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Troy Hogue, a native son of Big Spring and DPS trooper, may be gone, but he is far from forgotten.
That message became apparent again and again during Thursday morning's ceremony to name the newly constructed law enforcement the Troy M. Hogue Joint Law Enforcement, which will soon house both the Big Spring Police Department and the Howard County Sheriff's Department under one roof.
And, as if a testament to the solidarity shown in recent years between these two Howard County law enforcement agencies, it was an emotion display of the men â€” both local and statewide â€” who came together to honor the fallen DPS trooper who left such an obvious and lasting impression on each of them.
â€śPolice Chief Lonnie Smith and I both had the chance to work with Troy while we were at the police department together,â€ť Sheriff Stan Parker said. â€śWhen I was going through the field training program I kept having all of my training officers tell me when I got out I had better hope I didn't have to work for Troy because he was tough. So I sort of dreaded that all the way through. Then I got my assignment and Troy was my sergeant. I had to work for Troy and he was one of the toughest to work for, however, in reality, Troy wasn't the toughest guy to work for.
â€śI'll tell you, I wouldn't be here today as sheriff if it hadn't been for what Troy did for me. He taught me second best wasn't good enough and just getting by wasn't good enough. We went out and did our job and provided customer service and we did it the right way. I owe a lot of my law enforcement career to Troy because he never accepted second best. I appreciate that. To his family, I appreciate that. But that's the kind of person Troy was. I'm very honored to stand here today because I know if Troy were here I know he'd be proud of what we're doing. This is just a great way to honor him.â€ť
Hogue began his career in law enforcement with the BSPD, spending a decade with the local agency. In 1988, he became a DPS trooper. He was shot and killed in December of 1994 while conducting an accident investigation on Interstate Highway 20 in Howard County.
Few in the Department of Public Safety knew Hogue the way his partner and friend, Jim Lasater, knew the Howard County native. Lasater described his former partner as a quite, somewhat competitive man who always had time for his friends and family.
â€śThis is awesome,â€ť Lasater said. â€śI worked with Troy as his partner for six years and we had a ball the whole time. He loved what he was doing and he was very, very good at it. His uniform was straight, his boots were polished and he was courteous and professional to the people he met. He could also grab a crook by the nape of the neck and drag him to jail, if that's what it took. He was kind and gentle with the children. He was just an awesome person to work with.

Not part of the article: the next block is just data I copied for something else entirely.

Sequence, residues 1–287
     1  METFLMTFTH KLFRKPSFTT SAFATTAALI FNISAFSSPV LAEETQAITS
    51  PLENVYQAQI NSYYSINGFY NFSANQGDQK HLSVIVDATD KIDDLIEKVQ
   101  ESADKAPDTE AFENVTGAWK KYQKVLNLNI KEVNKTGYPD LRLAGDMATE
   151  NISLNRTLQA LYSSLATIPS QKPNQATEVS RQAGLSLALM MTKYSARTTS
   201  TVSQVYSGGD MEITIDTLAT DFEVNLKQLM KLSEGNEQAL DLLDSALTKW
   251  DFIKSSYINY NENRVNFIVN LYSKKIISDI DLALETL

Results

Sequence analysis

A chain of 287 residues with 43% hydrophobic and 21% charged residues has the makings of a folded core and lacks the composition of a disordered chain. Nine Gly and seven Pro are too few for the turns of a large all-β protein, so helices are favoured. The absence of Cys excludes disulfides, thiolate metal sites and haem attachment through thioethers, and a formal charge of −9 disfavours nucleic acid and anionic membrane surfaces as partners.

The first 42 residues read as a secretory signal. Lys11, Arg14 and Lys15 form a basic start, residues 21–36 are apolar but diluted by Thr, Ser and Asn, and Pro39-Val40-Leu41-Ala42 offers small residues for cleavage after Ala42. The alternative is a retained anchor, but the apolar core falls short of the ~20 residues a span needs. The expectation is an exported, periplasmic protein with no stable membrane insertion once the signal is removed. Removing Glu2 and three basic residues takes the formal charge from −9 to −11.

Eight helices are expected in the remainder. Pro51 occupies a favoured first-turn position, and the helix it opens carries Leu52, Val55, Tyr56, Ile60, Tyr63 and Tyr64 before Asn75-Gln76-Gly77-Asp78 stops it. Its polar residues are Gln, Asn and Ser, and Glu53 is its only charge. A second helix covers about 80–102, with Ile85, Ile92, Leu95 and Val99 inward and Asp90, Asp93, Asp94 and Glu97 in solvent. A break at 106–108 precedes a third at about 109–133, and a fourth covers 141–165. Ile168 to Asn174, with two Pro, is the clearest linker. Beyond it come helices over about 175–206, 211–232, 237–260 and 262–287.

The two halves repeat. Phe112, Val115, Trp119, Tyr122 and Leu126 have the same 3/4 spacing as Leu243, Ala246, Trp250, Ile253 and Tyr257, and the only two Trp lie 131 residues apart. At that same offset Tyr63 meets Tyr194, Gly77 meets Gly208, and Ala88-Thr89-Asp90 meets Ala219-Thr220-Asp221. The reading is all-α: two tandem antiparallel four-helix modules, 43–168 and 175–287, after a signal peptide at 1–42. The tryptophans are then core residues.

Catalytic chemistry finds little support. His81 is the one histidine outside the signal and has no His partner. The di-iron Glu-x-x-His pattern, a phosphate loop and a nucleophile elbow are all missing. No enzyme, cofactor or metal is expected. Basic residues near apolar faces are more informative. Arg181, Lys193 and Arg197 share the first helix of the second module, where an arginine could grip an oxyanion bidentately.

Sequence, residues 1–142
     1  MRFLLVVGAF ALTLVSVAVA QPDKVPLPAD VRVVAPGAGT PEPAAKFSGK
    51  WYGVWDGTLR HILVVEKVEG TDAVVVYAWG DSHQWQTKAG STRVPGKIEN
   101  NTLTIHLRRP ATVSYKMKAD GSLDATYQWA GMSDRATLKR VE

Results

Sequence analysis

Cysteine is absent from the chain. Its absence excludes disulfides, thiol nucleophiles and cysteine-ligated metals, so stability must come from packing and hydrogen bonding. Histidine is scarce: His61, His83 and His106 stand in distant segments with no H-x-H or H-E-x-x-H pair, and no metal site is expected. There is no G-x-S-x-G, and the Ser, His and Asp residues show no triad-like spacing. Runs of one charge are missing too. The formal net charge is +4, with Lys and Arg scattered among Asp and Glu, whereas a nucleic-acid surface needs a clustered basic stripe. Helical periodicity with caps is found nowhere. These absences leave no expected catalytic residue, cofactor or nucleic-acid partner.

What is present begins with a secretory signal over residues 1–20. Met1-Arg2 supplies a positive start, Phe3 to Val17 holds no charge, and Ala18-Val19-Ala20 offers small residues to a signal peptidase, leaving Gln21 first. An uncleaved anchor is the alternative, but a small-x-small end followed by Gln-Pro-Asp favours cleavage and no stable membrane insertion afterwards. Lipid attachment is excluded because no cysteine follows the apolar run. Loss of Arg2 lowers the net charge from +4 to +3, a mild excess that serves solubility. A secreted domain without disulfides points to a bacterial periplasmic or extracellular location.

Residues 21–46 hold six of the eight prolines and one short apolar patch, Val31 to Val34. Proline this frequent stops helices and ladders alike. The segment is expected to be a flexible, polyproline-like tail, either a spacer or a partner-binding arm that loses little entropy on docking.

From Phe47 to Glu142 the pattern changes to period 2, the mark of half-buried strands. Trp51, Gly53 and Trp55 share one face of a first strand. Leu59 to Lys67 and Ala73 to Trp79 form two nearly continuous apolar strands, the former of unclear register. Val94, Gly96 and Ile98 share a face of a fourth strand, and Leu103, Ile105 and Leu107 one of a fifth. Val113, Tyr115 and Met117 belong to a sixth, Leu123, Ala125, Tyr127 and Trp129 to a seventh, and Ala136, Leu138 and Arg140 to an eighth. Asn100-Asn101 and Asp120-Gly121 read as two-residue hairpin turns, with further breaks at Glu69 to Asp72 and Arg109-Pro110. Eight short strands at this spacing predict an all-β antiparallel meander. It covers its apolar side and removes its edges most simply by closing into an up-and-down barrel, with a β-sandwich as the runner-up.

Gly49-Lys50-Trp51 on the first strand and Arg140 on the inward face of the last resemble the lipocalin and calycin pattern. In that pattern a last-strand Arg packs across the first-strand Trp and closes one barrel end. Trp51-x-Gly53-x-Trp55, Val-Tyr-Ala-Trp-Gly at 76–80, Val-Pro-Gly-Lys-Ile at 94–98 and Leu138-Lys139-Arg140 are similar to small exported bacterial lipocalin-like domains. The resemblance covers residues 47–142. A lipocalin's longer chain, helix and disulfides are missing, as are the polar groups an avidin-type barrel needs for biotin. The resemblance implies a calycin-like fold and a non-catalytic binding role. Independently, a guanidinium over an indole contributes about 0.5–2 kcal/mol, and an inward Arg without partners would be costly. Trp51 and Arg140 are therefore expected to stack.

â€śI also think Troy would be a little bit embarrassed by all of this. He was kind of a private person, a lot like his dad. He liked to stay in the background. However, the work and effort he put out was always recognized somewhere. After he was killed we received some letters at the DPS office, just from random people he had stopped, complimenting his professionalism. He wasn't afraid to cry with a parent who lost a child. He was a great guy.â€ť
During his time at the BSPD â€” and again, while serving with DPS â€” local resident Mike Dawson, who currently serves as the administrative director of the Howard County Detention Center, said Hogue left a lasting impression on the lives he touched each day.
â€śI worked with Troy at the police department. We started there in the early 1970s and he was always available to help, especially those who needed training,â€ť Dawson said. â€śWhen he left the police department and went to DPS he was a driving instructor. I'm willing to bet many of you out here rode with him and he loved to drive fast and he knew how to drive fast. He was also an excellent marksman and loved to teach it. He loved to teach. There aren't many of us left who worked with him at the police department ... I also worked with him at DPS.
â€śThere are two words that described Troy, perseverance and collaboration. He knew how to get the job done, whether it was a case he was working as a detective or the perseverance to convince a prosecutor to take a case to a jury. He was well respected in the community, a home grown kid who wanted to be in law enforcement and loved every minute of it.â€ť
DPS Regional Commander Carey Matthews, who also spent time with Hogue during his employment with DPS, called the fallen law enforcement officer's legacy a testament to responsibility and honor.
â€śHe and I were classmates in recruit school. Troy was not only a friend, but a mentor to me and others who were in recruit school with him,â€ť Matthews said. â€śHe was stationed in Big Spring, which happened to be his home town ... Troy was a man of courage, a man of conviction, a proud trooper and a great Texan. He was a dedicated Christian and he was a man who was devoted to his family.
â€śThroughout his career he displayed great character, teamwork and integrity, which separates someone who is just doing their job from someone who accepts and respects the incredible responsibility and honor that comes with being a law enforcement officer. He took great pride in fulfilling those responsibilities and keeping his community safe. His commitment to protecting the lives of others cost him his own. There's no greater sacrifice than that.â€ť